Socio-economic assessment and improving EIA

15th May 2014

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Isabel Simpson

Neil Waterson from Bidwells discusses the important role of assessing socioeconomic impacts in improving environmental impact assessment (EIA) practice

The assessment of socio-economic impacts is an increasingly important aspect of EIA in the UK. The publication of the National Planning Policy Framework (NPPF) by the government in March 2012 has brought further emphasis to the importance of social and economic impacts arising from development with its emphasis on achieving “sustainable development”.

The NPPF defines sustainable development as having not just an environmental role, but an economic and a social role. The clear inference of government guidance in the NPPF is that a holistic approach to the assessment of the merits of a development proposal should be taken and that a balance needs to be drawn between economic, social and environmental factors in decision making.

While EIA has historically tended to focus on the protection of the environment, account must now also be taken of the degree to which development helps to build a strong, competitive economy and supporting “strong and vibrant” communities. EIA should therefore include consideration of a project’s impact on humans, as well as the bio-physical environment and any interactions between the two.

In many instances, a robust assessment of socio-economic impacts of the proposal can help to ensure that the impact of a development on communities and the economy are fully understood, and that any adverse impacts can be reduced while positive impacts can be emphasised.

However, the approach taken to socio-economic assessments in EIA varies considerably and this area has historically been regarded as the “poor relation” in EIA. This was highlighted by academic studies by John Glasson and Donna Heaney in 1993 (“Socio-economic impacts: the poor relations in British environmental impact statements”) and Andrew Chadwick in 2002 (“Socio-economic impacts: are they still the poor relations in UK environmental statements?"). Research has highlighted that many EIAs do not include any assessment of socio-economic impacts and that, where they do, the approach taken and the range of issues considered vary significantly.

In many respects, this can be attributed to the limited references in the EIA Regulations and the lack of good practice guidance on socio-economic assessment. Yet, Schedule 4, Part 1 of the EIA Regulations 2011 clearly states that EIAs and the accompanying environmental statement should include impacts on population in the description of environmental aspects likely to be significantly affected by the development.

Moreover, guidance published by the government in 1995 on the preparation of environmental statements advises that possible impacts on humans that should be considered include those relating to “changes in population, such as changes in the demand for housing and services including schools, hospitals and recreation facilities.”

While the limited guidance within the 1995 Guidance is of some help, it fails to reflect the range of different socio-economic issues relevant to all types of projects. These can vary widely depending upon the nature of development and the communities in which they are situated. A more comprehensive and useful set of potential impacts is provided by Glasson in 2009 (“Socio-economic impacts 1: overview and economic impacts”), when he identified a range of potential impacts, including:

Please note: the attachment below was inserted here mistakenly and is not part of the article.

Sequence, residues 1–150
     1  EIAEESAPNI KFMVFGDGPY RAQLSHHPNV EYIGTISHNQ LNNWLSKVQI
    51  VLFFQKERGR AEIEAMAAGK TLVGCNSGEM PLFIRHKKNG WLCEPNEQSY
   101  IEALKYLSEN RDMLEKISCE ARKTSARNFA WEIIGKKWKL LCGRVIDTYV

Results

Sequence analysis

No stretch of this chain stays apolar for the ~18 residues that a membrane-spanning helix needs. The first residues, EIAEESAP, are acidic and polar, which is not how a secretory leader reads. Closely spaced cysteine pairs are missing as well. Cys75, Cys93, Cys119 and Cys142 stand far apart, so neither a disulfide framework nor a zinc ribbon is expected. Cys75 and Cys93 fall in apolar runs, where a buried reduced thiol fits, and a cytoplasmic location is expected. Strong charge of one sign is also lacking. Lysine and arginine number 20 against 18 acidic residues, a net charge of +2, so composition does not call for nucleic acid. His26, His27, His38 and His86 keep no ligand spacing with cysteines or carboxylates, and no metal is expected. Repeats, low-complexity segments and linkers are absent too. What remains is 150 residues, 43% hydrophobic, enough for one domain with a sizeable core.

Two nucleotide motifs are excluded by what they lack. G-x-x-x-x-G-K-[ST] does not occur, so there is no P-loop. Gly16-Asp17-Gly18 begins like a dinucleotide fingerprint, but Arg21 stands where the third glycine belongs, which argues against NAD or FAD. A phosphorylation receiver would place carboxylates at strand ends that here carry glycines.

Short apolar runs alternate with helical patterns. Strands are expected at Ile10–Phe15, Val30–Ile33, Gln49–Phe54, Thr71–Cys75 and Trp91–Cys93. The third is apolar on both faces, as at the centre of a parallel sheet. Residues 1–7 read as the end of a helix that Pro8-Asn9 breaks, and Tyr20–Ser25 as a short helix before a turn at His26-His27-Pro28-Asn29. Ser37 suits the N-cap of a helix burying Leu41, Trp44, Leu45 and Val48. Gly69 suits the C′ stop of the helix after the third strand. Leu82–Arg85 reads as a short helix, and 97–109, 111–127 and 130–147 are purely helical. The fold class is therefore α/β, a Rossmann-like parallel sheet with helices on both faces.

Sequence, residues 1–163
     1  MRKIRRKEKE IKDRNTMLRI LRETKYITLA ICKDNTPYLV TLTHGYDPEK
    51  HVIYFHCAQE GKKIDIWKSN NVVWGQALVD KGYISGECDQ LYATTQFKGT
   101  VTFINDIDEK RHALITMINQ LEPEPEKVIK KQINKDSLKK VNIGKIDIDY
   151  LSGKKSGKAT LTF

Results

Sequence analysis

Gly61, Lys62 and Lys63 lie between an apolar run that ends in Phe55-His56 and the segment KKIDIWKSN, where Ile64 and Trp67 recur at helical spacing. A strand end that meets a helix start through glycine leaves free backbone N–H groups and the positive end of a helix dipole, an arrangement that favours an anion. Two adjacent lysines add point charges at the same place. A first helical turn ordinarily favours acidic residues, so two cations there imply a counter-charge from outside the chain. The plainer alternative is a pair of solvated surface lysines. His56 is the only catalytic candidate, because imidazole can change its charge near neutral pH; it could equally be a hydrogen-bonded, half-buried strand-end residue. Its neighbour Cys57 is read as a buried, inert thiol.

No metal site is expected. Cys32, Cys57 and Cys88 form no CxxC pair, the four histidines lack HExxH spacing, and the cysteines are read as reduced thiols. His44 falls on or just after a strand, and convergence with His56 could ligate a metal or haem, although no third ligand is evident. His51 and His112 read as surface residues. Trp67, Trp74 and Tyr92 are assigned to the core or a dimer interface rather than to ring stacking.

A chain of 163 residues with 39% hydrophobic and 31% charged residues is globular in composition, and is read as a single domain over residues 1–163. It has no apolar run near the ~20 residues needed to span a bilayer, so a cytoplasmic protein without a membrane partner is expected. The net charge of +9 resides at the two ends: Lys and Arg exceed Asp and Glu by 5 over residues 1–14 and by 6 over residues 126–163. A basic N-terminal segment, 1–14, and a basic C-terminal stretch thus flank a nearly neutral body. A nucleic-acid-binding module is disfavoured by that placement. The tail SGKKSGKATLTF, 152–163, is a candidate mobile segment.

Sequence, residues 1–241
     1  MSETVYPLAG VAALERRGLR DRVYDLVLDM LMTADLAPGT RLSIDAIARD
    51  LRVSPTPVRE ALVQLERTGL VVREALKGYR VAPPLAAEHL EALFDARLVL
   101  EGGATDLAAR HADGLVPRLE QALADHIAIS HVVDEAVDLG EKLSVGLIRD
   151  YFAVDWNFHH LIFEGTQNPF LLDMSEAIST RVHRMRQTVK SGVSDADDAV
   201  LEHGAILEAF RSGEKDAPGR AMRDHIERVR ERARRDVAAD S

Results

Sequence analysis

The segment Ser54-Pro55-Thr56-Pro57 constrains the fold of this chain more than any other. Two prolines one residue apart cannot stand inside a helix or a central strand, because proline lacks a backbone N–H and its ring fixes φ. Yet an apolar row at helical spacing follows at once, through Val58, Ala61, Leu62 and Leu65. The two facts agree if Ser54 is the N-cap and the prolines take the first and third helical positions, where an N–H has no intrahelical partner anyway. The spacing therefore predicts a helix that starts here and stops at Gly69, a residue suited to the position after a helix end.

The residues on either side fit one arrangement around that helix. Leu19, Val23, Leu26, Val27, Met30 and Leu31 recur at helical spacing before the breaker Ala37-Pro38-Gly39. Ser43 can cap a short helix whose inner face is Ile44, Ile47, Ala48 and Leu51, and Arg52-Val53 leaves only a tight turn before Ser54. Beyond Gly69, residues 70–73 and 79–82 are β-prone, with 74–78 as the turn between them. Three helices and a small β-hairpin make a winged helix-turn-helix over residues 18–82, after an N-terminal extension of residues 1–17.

• direct economic impacts;
  • indirect/wider economic/expenditure impacts;
  • demographic impacts;
  • impacts on housing;
  • impacts on other local services;
  • socio-cultural impacts; and
  • distributional effects.

Research by Glasson and Chadwick and more recently Laura Fisher in 2011 (“The treatment of socio-economic impacts in environmental impact statements”) has highlighted that the assessment of socio-economic impacts, where it is undertaken, tends to focus on the direct economic impacts of development, but that impacts on population, socio-cultural aspects and local services are less commonly considered. This is because such issues can be harder to define and measure and often rely on qualitative judgements. Yet with many developments, particularly those of an urban nature, these impacts are often of most concern to communities and can be critical to determining the suitability of a proposal.

Without a full assessment of these issues, it is difficult for the decision maker to understand the extent to which proposals contribute to sustainable development, having regard to the economic and social roles identified within the NPPF, as well as the environmental role. It is therefore important that practitioners carefully consider the socio-economic impacts of the proposals to ensure they respond effectively to this and the requirements of the EIA Regulations themselves.

It is also important that the government, and organisations such as IEMA, help to lead the development of best practice in socio-economic assessment by more clearly defining what it is, what it should cover and the most appropriate means by which different types of impacts should be assessed. This will ultimately ensure that EIA is more effective in contributing towards achieving sustainable development that meets the needs of the present, without comprising the needs of future generations to meet their own needs.

Neil Waterson, AIEMA, is a senior planning associate at Bidwells


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